Later, during my M. Phil. studies, I thought writing a research paper about Gorkha Nagar and its people would be one of the best contributions ever; it would be a substantive addition to diaspora scholarship in the Indo-Nepal context. But having had nothing documented for a research work, and with only fragmented recollection of that meeting with the enthusiastic settlers, I could produce only a two-page text in the structure of an argumentative essay with a thesis “The people of Gorkha Nagar suffer a perpetual crisis of identity.” 

The thought of exploring the lives of migrant Nepalis persisted. I turned from Gorkha Nagar to the proposed Gorkha Land and beyond, where there was far greater population of Nepali migrants and a bulk of literature to go through. I got hold of the novel Brahmaputraka Chheuchhau by Lil Bahadur Chhetri and critiqued it as a book on Nepali diaspora. I took very scanty trouble in exploring the theoretical intensity and eclecticism of the term “diaspora” with a general cocksureness for its usage as a substitute for a migrant community. My first treatment of Nepali diaspora was by no means satisfactory to myself. I realized I was too preoccupied with the mass-mediated meaning of diaspora to see any need to study its origin, critical intensity and contextual relevance.

But these questions regularly bothered me: Can’t Nepali migrants be placed within the framework of diaspora? Aren’t Nepalis of India Nepali diaspora? Does geo-political and cultural proximity affect the formation of the real diaspora? What are the accepted modes of mobilities and resettlements that determine the formation of a diaspora? Are there specific diasporic features and related theoretical paradigms? I began to realize that diaspora studies should incorporate diversity of meanings and theoretical dimensions. The initial considerations would be to see whether migration and diasporization meant the same. Upon reading writers like Khachig Tololyan, Robin Cohen, Steven Vertovec and many more, I saw that scholarship in diaspora departed greatly from its clichéd usage, for the former strictly considered at  least three factors about migrants: first, the (unfriendly) nature of dislocation from the country of origin; second, the (often unfriendly and distanced) condition of living in the country of relocation; and third, the migrants’ efforts to negotiate their identities across the homeland, hostland and the migrant community themselves through constant networking and lobbying.
My critical pursuit towards Nepali diaspora culminated into a 9-credit thesis for M. Phil. Degree in English Studies.  I titled the work “Diasporic Nepalese Identity in the Cyberspace.” The kernel of my thesis is that the recent Non-Resident Nepalis (NRN) movement is a veritable critical ground for the study of the discourse on Nepalese diaspora. I had to get back to NRNs in 2008, to see profundity in their supposed identity politics, only when they were reduced to clichés by Kathmandu’s critical circles in a span of mere five years from their first emergence to ‘amuse’ Kathmandu’s elites in the autumn of 2003.
What I achieved through my critical pursuits is very little, considering the scope of knowledge further work can uncover.
Aside from taking the recent case of NRN activism, which is critiqued as representing the west-centric affluent Nepalis in majority,  I think the Nepalese diasporic discourse can expand to earlier historical realities taking as distant issues as Nepalis’ dispersions at different points of pre-and post-unification eras. The aftermaths of power-mongering in and around the central courts of Nepal during the whole of the nineteenth century signal the displacement of a huge population to India. Though there is hardly any record of how many and where of the eviction of courtiers and commoners during the unification, in the times of Bhimsen Thapa and Junga Bahadur Rana, and at the rise of Shumshers after the massacre and exile of the Jung lineage, this early historical reality cannot be ruled out from representative Nepalese diaspora scholarship. Even if the early instances of dislocation are excluded on the plea of inadequate official records and for migrants’ possible assimilation into the host communities over the last centuries, the spread of Nepalis to Bhutan, Northeast India, and Burma lends a very discernible location for diaspora scholarship.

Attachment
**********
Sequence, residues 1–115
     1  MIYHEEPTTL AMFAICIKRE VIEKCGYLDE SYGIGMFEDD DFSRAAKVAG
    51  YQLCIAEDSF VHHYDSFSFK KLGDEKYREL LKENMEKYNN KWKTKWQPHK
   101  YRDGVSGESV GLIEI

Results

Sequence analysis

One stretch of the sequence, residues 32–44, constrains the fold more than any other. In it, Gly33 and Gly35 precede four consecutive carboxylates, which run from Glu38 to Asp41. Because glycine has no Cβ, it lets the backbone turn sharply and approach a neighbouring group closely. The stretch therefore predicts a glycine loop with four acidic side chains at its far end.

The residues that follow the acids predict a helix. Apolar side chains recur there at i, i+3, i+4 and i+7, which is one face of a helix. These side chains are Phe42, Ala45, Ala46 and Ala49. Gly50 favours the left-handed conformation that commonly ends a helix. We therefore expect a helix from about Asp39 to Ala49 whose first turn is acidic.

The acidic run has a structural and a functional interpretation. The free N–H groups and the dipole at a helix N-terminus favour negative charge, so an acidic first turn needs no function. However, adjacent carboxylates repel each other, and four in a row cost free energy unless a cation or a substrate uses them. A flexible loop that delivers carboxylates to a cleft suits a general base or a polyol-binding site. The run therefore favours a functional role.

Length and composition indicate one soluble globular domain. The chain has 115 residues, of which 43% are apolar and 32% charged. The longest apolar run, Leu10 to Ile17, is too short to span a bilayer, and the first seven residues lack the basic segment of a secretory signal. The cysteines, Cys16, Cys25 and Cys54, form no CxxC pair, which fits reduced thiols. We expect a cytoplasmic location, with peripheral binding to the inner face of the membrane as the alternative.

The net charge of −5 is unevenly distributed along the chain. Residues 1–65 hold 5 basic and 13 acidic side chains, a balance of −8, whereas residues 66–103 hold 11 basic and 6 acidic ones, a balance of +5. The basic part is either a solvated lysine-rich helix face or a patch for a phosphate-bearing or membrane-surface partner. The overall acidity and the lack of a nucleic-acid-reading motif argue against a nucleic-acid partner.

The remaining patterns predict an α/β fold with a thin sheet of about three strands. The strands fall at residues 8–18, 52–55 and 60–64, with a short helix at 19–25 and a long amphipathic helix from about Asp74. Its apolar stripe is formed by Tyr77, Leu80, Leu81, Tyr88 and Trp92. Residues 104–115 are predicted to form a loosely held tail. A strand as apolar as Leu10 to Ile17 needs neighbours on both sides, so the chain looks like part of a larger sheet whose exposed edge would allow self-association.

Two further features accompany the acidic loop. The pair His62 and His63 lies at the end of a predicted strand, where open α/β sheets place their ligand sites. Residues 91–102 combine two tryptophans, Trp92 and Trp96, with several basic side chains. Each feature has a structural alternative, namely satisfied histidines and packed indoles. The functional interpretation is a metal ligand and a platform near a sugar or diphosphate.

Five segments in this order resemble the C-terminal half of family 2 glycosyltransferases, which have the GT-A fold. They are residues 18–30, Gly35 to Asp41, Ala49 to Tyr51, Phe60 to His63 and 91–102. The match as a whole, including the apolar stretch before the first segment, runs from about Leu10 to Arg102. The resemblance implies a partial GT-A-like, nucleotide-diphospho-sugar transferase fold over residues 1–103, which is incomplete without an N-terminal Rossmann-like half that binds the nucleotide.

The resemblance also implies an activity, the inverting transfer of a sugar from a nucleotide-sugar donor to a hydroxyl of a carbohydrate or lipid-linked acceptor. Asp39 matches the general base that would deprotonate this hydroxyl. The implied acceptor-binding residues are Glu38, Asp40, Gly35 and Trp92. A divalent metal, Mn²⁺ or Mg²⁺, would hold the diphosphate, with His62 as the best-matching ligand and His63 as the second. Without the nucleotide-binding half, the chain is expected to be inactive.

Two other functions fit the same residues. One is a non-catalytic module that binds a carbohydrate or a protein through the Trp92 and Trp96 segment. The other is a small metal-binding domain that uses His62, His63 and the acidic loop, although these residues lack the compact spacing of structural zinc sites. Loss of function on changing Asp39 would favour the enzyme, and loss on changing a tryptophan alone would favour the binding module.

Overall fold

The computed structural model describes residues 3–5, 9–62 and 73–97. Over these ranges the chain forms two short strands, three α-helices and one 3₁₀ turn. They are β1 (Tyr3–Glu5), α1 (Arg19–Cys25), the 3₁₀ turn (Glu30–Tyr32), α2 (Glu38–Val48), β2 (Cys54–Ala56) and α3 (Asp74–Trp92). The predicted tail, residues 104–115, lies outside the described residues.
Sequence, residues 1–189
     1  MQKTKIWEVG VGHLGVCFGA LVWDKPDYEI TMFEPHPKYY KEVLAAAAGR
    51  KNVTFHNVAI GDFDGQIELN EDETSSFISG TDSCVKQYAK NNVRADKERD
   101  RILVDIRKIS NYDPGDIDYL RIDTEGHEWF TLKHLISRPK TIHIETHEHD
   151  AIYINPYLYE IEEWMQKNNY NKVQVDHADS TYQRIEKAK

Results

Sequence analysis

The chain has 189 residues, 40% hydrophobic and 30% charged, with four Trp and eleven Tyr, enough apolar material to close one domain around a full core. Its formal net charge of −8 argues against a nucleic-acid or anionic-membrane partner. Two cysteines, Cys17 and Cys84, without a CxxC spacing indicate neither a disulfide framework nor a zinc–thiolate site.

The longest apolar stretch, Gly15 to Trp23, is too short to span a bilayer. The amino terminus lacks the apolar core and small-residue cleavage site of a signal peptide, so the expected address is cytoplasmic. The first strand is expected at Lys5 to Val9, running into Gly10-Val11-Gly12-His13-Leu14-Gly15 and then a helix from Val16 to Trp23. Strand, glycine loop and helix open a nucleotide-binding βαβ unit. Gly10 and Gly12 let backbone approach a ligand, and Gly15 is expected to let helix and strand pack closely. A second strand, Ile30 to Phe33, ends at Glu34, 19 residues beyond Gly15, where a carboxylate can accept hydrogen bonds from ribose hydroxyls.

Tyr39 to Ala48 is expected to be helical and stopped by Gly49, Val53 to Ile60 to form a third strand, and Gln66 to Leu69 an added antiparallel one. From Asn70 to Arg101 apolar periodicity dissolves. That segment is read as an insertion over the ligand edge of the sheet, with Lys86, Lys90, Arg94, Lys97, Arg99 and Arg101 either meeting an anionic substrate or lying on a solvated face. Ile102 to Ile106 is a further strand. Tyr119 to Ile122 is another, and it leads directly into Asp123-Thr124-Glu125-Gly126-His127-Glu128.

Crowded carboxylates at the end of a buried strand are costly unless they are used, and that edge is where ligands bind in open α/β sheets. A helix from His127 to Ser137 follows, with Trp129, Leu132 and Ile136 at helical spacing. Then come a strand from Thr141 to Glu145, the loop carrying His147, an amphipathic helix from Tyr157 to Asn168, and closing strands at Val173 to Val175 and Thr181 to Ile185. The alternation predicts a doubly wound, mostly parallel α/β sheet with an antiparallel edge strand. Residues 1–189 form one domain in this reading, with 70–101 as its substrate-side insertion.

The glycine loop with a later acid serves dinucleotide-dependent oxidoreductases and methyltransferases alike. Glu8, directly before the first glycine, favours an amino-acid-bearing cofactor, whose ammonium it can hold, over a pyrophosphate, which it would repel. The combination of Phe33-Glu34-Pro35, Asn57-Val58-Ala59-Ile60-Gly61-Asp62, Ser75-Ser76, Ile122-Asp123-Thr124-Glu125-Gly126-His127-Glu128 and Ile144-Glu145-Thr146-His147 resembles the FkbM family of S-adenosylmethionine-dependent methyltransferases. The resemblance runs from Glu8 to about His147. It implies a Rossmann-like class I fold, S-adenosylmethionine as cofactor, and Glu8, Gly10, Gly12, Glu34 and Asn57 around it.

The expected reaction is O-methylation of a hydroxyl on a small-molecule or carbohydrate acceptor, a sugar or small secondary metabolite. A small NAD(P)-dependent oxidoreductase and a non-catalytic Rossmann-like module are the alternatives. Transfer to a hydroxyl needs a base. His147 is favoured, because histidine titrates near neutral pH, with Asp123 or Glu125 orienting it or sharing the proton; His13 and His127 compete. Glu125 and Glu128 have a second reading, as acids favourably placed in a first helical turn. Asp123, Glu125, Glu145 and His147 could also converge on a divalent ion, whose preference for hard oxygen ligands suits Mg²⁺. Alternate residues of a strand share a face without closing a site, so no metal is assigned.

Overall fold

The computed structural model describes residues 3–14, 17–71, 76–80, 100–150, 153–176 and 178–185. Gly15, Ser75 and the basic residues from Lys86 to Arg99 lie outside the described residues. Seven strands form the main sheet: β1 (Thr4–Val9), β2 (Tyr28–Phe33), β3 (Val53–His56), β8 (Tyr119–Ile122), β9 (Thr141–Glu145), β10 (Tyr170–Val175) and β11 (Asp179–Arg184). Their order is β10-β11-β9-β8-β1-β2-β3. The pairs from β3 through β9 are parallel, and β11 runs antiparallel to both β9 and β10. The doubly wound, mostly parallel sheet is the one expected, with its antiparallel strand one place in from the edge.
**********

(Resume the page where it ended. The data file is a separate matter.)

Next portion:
The case of Bhutanese Nepalis (refugees) in Nepal lends a curious subject of study. The chain of settlement (in Bhutan), expulsion, resettlement (in Nepal) and repatriation (in the West) of this population could always provide interesting arenas of study, especially in view of the repercussions of these multiple physical shifts and cultural exposures on the people.
Finally, there is this everyday flow of hundreds of Nepalis out of the country to destinations like Malaysia and Gulf region for employment, and to Europe, America and Australia for studies, employment and permanent settlement. With all these instances to qualify as a migrant supplying country in South Asia, Nepal remains to be a productive space for diaspora scholarship.
I see that diaspora and rhetoric will easily go along. My post-doctoral work may be to cross-pollinate these two domains: one the discourse on identity politics, the other the lens for unraveling the intricacies and nuances of a discourse. Broadly, the product of cross-pollination will be either ‘rhetoric of Nepalese diaspora’ or ‘Nepalese diaspora as rhetoric’ or ‘diaspora as Nepalese rhetoric’ or any meaningful phrase that combines diaspora and rhetoric.